Linked by David Adams on Sun 11th Dec 2011 01:37 UTC, submitted by rhyder
Linux It's starting to look like the end of an era for Ubuntu users as Canonical mull the creation of an ISO that won't fit onto a CDR. The question is, does it matter? Canonical owes at least part of its success with Ubuntu Linux to the unique way that it has been distributed. From the start it has been available as a downloadable ISO image and a free CD, posted at no cost to the user. This was great news for people who wanted to install Linux but did not have the luxury of a decent Internet connection. In a sense, installing via a CDR image has always been like a kind of cache, in that you're moving part of the content that you need onto permanent storage rather than pulling it through the network connection
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RE: Comment by ilovebeer
by avgalen on Mon 12th Dec 2011 09:56 UTC in reply to "Comment by ilovebeer"
avgalen
Member since:
2010-09-23

The problems with "distro on USB" instead of "distro on CD/DVD" are:

- Download iso, burn iso to CD/DVD is a lot easier than the same process on USB
- the CD/DVD OR the USB will have to be empty in order to make the distro bootable. An empty CD(RW) is always available, an empty USB often means moving data to local storage, claiming the entire USB for the distro at first, then moving data from local storage back to the USB

If there is a method for making keeping data on the USB while adding the distro and making the USB bootable, that would solve the above problems

Reply Parent Score: -1

RE[2]: Comment by ilovebeer
by Neolander on Mon 12th Dec 2011 11:14 in reply to "RE: Comment by ilovebeer"
Neolander Member since:
2010-03-08

Actually, the Fedora guys provide a Python tool to write an ISO to a USB media without data loss.

However, it keeps the core issues of everything related to USB boot : requires specially crafted ISOs, writing to some pen drives' MBR bricks them without any warning...

Edited 2011-12-12 11:16 UTC

Reply Parent Score: 3

RE[2]: Comment by ilovebeer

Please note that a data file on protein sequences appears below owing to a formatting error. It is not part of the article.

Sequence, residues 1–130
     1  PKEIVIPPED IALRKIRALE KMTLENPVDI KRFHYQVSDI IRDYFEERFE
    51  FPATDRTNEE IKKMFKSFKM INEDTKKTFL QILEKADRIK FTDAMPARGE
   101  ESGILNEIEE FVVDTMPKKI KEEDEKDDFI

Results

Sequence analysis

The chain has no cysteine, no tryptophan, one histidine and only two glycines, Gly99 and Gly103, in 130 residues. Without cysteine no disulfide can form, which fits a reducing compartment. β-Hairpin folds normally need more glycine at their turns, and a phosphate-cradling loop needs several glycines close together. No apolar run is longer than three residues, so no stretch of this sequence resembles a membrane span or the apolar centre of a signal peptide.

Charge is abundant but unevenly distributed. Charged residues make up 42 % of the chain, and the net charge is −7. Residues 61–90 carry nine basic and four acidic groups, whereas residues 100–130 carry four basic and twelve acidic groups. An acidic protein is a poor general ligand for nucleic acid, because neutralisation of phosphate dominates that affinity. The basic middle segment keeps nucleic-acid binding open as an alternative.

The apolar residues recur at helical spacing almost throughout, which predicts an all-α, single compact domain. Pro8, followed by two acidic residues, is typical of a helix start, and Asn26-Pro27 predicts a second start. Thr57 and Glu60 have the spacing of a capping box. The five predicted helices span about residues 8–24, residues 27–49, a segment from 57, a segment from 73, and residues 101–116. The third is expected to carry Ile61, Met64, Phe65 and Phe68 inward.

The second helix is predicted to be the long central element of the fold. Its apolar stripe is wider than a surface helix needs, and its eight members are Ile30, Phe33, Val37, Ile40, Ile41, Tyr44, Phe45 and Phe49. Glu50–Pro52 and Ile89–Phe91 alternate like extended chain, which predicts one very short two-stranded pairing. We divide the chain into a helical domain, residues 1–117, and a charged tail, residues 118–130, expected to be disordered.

by rklrkl on Mon 12th Dec 2011 11:18 in reply to "RE: Comment by ilovebeer"
rklrkl Member since:
2005-07-06

One word: unetbootin
See: http://unetbootin.sourceforge.net/

Install that on your current distro, download the ISO you want to burn, insert a USB stick with already formatted (hint: use VFAT, not ext2/3/4, since very few BIOSes can boot off ext FS'es) and populated with data you want to keep and run unetbootin as root. Select your ISO (it should pick up your USB stick device automatically), start it off and after 10-15 mins you should have a bootable install USB stick with your original data left intact. I use this to install Linux distros on my Dell Mini 9 netbook that has no optical drive of course.

Reply Parent Score: 4

RE[2]: Comment by ilovebeer
by ilovebeer on Mon 12th Dec 2011 17:15 in reply to "RE: Comment by ilovebeer"
ilovebeer Member since:
2011-08-08

The problems with "distro on USB" instead of "distro on CD/DVD" are:

- Download iso, burn iso to CD/DVD is a lot easier than the same process on USB

Five years ago I would agree with you but this is simply not true anymore. As a matter of fact there are tools that completely automate the process, all you have to do is plug a usb stick in and select which OS you want to install on it -- done.

- the CD/DVD OR the USB will have to be empty in order to make the distro bootable. An empty CD(RW) is always available, an empty USB often means moving data to local storage, claiming the entire USB for the distro at first, then moving data from local storage back to the USB

If you're like me, you'll have usb sticks dedicated to OS installs so this is a non-issue. But, if you insist on using a usb stick with data already on it, you can do that too. Again, tools make this process painless these days.

If there is a method for making keeping data on the USB while adding the distro and making the USB bootable, that would solve the above problems

The above problems have been solved for a while, I guess you never got the memo.

As I pointed out, quality 8GB usb sticks can be had for under $10 now. They hold far more data, are more reusable, extremely low power consumption, easily fit in your pocket/very small footprint, are faster, ...need I go on?

I've been installing OSes from usb sticks, and onto usb/sdhc/cf for years now. To see people debating cdr vs. dvd sized isos, posts about dvd drives being $20-$30 plus the cost of media... it's almost as if I've went back in time, when those were good/the only real options available. Hell, some of my boxes aren't much larger than a cd/dvd drive.

Reply Parent Score: 2